spaceSpace and Physics

Richard Branson Says Virgin Galactic Could Reach Space In "Weeks, Not Months"


Jonathan O'Callaghan

Senior Staff Writer


Virgin Galactic CEO Richard Branson has claimed his company will reach space sooner than thought, with his own flight to space following soon after.

Speaking to the website CNBC, he said Virgin Galactic was “more than tantalizingly close” to conducting its first test flight in space.


"We should be in space within weeks, not months,” he said. “And then we will be in space with myself in months and not years.”

He added: "We will be in space with people not too long after that so we have got a very, very exciting couple of months ahead."

Virgin Galactic has been steadily completing tests of its SpaceShipTwo space plane, named VSS Unity, over the past few years, flying to higher and higher altitudes.

However the company has yet to actually reach space, with hundreds of paying customers waiting for it to fulfill its promise of sending tourists into space.


At about $250,000 a ticket, customers will be afforded about six minutes of weightlessness as the vehicle completes a suborbital flight. The plane takes off under its carrier aircraft, WhiteKinghtTwo, before detaching at a high altitude to fire its rocket motor, and landing on its own.

The first test flight to reach space will likely just have two pilots on board. But Branson has said previously that he himself will fly on the first passenger flight, to demonstrate the plane’s capabilities.

Virgin Galactic reached its highest altitude yet on July 26, 2018. Virgin Galactic/ Studios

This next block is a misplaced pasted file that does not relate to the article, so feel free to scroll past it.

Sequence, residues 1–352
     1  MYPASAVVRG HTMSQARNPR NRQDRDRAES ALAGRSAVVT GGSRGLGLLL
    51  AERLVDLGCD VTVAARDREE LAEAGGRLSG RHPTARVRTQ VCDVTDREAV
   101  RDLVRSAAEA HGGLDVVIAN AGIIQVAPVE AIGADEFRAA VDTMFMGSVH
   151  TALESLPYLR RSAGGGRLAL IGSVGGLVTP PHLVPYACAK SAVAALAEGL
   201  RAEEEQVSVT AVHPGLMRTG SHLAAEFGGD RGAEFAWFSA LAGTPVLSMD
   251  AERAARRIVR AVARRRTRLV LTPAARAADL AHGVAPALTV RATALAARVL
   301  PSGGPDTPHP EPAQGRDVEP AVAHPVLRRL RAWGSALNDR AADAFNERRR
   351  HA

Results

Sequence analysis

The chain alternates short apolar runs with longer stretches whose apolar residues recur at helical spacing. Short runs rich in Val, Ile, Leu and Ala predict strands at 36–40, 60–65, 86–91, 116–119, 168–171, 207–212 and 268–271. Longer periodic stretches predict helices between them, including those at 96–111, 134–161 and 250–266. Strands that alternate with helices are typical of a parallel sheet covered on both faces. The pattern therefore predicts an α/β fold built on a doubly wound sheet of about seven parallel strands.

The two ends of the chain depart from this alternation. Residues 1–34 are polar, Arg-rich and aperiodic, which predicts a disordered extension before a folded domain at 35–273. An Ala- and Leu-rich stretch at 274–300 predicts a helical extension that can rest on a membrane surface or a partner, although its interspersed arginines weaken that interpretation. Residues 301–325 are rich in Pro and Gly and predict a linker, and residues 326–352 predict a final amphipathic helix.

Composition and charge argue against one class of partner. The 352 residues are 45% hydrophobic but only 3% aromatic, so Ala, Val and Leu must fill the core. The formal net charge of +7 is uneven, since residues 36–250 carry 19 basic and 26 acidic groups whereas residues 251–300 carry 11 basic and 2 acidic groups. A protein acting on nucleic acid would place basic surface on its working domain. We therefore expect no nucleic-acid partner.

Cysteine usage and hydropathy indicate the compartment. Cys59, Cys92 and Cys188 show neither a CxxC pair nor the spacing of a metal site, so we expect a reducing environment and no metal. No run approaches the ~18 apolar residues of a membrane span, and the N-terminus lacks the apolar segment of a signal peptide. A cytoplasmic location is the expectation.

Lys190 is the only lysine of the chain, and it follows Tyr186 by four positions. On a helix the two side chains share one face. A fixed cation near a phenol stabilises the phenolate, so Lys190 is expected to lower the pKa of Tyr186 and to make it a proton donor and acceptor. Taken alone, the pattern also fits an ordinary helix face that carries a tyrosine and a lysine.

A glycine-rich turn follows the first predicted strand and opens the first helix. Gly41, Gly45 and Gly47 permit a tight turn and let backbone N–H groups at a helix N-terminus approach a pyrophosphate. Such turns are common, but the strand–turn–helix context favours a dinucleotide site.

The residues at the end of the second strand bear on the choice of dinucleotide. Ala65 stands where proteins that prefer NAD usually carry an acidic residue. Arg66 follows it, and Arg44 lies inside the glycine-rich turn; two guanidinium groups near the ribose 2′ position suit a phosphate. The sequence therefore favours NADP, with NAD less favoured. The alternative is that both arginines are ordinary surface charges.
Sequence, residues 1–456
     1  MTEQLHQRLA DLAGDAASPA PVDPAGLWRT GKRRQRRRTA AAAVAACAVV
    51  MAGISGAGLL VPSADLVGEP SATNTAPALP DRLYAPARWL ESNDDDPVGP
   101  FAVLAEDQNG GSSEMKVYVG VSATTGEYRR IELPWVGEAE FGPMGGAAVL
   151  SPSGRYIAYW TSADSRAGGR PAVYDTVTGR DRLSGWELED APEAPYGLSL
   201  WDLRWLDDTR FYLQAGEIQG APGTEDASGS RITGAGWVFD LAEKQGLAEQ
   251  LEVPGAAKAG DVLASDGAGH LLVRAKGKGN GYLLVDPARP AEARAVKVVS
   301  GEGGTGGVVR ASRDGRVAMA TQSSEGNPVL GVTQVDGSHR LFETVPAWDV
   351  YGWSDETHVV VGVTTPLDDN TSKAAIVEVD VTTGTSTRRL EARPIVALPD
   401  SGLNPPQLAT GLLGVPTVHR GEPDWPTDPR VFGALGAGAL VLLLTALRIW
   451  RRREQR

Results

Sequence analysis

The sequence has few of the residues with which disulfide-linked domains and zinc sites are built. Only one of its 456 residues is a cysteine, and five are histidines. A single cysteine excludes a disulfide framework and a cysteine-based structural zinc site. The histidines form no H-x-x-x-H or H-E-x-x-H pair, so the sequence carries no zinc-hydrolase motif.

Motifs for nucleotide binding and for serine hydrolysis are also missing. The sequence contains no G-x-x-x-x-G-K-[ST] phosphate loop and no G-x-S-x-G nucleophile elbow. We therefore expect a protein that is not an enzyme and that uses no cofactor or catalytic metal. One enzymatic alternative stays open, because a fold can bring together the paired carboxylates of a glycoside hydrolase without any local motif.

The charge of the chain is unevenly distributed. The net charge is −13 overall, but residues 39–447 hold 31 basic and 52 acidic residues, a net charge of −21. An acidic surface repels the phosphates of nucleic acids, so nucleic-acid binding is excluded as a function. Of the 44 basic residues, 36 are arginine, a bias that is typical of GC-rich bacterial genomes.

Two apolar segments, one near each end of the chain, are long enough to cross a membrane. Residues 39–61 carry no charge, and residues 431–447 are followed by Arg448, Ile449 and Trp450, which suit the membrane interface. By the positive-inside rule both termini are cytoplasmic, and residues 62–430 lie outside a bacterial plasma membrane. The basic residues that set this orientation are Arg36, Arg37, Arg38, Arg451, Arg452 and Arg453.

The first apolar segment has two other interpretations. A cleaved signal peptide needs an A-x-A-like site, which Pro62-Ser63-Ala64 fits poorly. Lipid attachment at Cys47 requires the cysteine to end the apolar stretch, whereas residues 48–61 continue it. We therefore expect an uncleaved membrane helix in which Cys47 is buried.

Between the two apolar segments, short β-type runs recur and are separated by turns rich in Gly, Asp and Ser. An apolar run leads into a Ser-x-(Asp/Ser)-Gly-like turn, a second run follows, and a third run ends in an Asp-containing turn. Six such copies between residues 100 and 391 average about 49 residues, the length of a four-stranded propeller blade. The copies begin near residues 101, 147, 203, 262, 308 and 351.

Based on his comments, Virgin Galactic will reach space before the end of 2019, with his flight coming not long after. Then the company will start taking its paying customers on trips into space.

He noted that he would eventually like the cost of a ticket on Virgin Galactic to reduce to $40,000 or $50,000 in the next 10 years.


Branson has also made much of a “rivalry” between himself, SpaceX’s Elon Musk, and Blue Origin’s Jeff Bezos, to take tourists into space. But the three companies have pretty different goals.

SpaceX and Blue Origin are both working on rockets, not planes. The former is focusing more on fulfilling a NASA contract to launch astronauts to the International Space Station (ISS), starting in mid-2019. Blue Origin’s reusable New Shepard rocket, meanwhile, is a precursor to their grander goal of building and operating a variety of vehicles.

Still, if Branson is correct then this feat would be a pretty big boon for Virgin Galactic. The company has been working to recover from the tragic accident in 2014 that killed one of its pilots, Michael Alsbury, when a re-entry system was accidentally deployed and the plane was destroyed.

Branson has made lofty claims before about reaching space. Now we’ll have to wait and see if this one is genuine. 


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